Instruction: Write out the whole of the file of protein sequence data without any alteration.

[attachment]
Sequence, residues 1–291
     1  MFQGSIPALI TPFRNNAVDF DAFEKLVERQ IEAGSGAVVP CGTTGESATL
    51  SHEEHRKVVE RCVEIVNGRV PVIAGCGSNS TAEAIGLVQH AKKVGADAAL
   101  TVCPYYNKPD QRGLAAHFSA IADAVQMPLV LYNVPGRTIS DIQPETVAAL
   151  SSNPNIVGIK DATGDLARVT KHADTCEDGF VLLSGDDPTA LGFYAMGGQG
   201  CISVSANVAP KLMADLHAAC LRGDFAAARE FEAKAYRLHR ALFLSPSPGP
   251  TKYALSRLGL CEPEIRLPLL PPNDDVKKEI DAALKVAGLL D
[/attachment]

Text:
Sequence, residues 1–291
     1  MFQGSIPALI TPFRNNAVDF DAFEKLVERQ IEAGSGAVVP CGTTGESATL
    51  SHEEHRKVVE RCVEIVNGRV PVIAGCGSNS TAEAIGLVQH AKKVGADAAL
   101  TVCPYYNKPD QRGLAAHFSA IADAVQMPLV LYNVPGRTIS DIQPETVAAL
   151  SSNPNIVGIK DATGDLARVT KHADTCEDGF VLLSGDDPTA LGFYAMGGQG
   201  CISVSANVAP KLMADLHAAC LRGDFAAARE FEAKAYRLHR ALFLSPSPGP
   251  TKYALSRLGL CEPEIRLPLL PPNDDVKKEI DAALKVAGLL D